Now, one can argue that “nerd” or “geek” culture is the new pop culture, and I think there’s some validity to that. I’ve happily called myself a nerd since I was 8 years old, and trust me, it wasn’t considered something to be proud of. That world has certainly changed, and the abundance of sci-fi and comic conventions around the country — and the globe — is proof of that. I attended my first sci-fi convention when I was 13 years old, and never have I seen it so popular as it is today.
But one facet of geekdom that I’ve never participated in over 25 years of con attendance is cosplay. The closest I ever got to dressing up like a character from one of my favorite genre obsessions is wearing a little Star Trek communicator pin on my shirt. (I ruined quite a few shirts before I realized that that wasn’t a good idea.) So a part of me is in love and in awe of all the great cosplay I see at conventions because I know, simply by the nature of not doing it, how much time, dedication and skill it takes to create a truly great replica or mashup of a costume based on a character you love.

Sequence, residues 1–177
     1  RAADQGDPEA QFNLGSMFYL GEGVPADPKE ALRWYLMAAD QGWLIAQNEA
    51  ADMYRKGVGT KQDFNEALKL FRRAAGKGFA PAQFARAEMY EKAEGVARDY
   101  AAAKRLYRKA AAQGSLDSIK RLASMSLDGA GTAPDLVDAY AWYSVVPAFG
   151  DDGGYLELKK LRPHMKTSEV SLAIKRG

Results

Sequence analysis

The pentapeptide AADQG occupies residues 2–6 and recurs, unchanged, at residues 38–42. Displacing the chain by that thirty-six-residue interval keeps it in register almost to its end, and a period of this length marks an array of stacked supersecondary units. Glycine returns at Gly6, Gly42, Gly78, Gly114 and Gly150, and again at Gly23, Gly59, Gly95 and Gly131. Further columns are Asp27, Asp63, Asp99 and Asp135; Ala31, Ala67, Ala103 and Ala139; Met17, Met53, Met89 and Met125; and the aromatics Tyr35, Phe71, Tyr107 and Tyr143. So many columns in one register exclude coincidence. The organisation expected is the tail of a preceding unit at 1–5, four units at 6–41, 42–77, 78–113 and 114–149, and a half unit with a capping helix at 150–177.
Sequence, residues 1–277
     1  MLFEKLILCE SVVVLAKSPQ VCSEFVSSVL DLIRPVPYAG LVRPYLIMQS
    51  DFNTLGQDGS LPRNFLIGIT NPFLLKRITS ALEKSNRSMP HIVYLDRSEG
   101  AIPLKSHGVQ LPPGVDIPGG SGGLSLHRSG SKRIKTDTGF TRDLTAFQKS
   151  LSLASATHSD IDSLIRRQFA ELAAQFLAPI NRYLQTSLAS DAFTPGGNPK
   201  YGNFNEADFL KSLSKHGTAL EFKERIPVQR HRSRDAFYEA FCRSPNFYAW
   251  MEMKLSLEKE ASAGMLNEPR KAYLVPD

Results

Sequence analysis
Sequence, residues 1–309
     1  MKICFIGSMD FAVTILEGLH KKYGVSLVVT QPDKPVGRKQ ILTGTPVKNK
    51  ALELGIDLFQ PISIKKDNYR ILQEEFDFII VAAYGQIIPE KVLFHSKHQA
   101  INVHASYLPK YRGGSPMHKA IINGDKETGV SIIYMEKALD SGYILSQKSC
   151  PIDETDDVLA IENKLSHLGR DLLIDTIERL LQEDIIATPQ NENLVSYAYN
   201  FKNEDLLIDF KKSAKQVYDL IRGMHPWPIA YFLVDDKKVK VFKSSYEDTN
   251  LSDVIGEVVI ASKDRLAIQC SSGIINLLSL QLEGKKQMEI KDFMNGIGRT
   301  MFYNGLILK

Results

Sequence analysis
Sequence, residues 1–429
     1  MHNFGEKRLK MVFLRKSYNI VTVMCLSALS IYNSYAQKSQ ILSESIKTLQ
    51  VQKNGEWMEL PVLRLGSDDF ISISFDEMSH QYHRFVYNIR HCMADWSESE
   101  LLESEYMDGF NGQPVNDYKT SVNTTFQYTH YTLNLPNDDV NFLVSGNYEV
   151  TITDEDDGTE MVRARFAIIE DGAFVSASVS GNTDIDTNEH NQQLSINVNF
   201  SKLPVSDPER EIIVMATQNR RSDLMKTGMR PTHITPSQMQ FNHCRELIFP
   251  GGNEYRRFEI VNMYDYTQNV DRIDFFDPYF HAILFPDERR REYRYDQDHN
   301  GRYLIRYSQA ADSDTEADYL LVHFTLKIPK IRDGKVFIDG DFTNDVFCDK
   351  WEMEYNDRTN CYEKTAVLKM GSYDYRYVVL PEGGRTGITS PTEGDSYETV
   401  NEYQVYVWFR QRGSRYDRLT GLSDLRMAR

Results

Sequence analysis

Some may not call it an art, but it’s certainly an imitation of art, and I think that deserves its due. I saw one gentleman dressed as Jon Bernthal’s the Punisher from the second season of Daredevil that was so spot on, everyone around me had to do a double-take to make sure he wasn’t Bernthal’s stunt double. Unfortunately, I didn’t get a chance to snag a photo of his costume, but I did manage to take a few pictures of some of the cooler and creative cosplayers that roamed the Dealer’s Room and halls of the Philadelphia Convention Center.
There’s definitely an art to mimicry and I think these lovely ladies and gentlemen deserve a round of applause.